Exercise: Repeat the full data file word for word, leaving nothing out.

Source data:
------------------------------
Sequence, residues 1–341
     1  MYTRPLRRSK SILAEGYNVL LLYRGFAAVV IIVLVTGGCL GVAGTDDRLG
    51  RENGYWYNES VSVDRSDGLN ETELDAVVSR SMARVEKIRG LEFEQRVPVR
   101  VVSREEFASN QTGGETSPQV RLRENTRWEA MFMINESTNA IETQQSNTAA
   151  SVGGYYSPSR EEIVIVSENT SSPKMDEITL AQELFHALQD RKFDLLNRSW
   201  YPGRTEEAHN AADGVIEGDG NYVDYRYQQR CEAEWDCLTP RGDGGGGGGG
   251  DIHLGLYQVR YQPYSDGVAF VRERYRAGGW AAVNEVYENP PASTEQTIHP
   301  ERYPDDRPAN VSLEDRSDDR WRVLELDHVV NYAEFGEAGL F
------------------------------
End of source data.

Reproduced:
Sequence, residues 1–341
     1  MYTRPLRRSK SILAEGYNVL LLYRGFAAVV IIVLVTGGCL GVAGTDDRLG
    51  RENGYWYNES VSVDRSDGLN ETELDAVVSR SMARVEKIRG LEFEQRVPVR
   101  VVSREEFASN QTGGETSPQV RLRENTRWEA MFMINESTNA IETQQSNTAA
   151  SVGGYYSPSR EEIVIVSENT SSPKMDEITL AQELFHALQD RKFDLLNRSW
   201  YPGRTEEAHN AADGVIEGDG NYVDYRYQQR CEAEWDCLTP RGDGGGGGGG
   251  DIHLGLYQVR YQPYSDGVAF VRERYRAGGW AAVNEVYENP PASTEQTIHP
   301  ERYPDDRPAN VSLEDRSDDR WRVLELDHVV NYAEFGEAGL F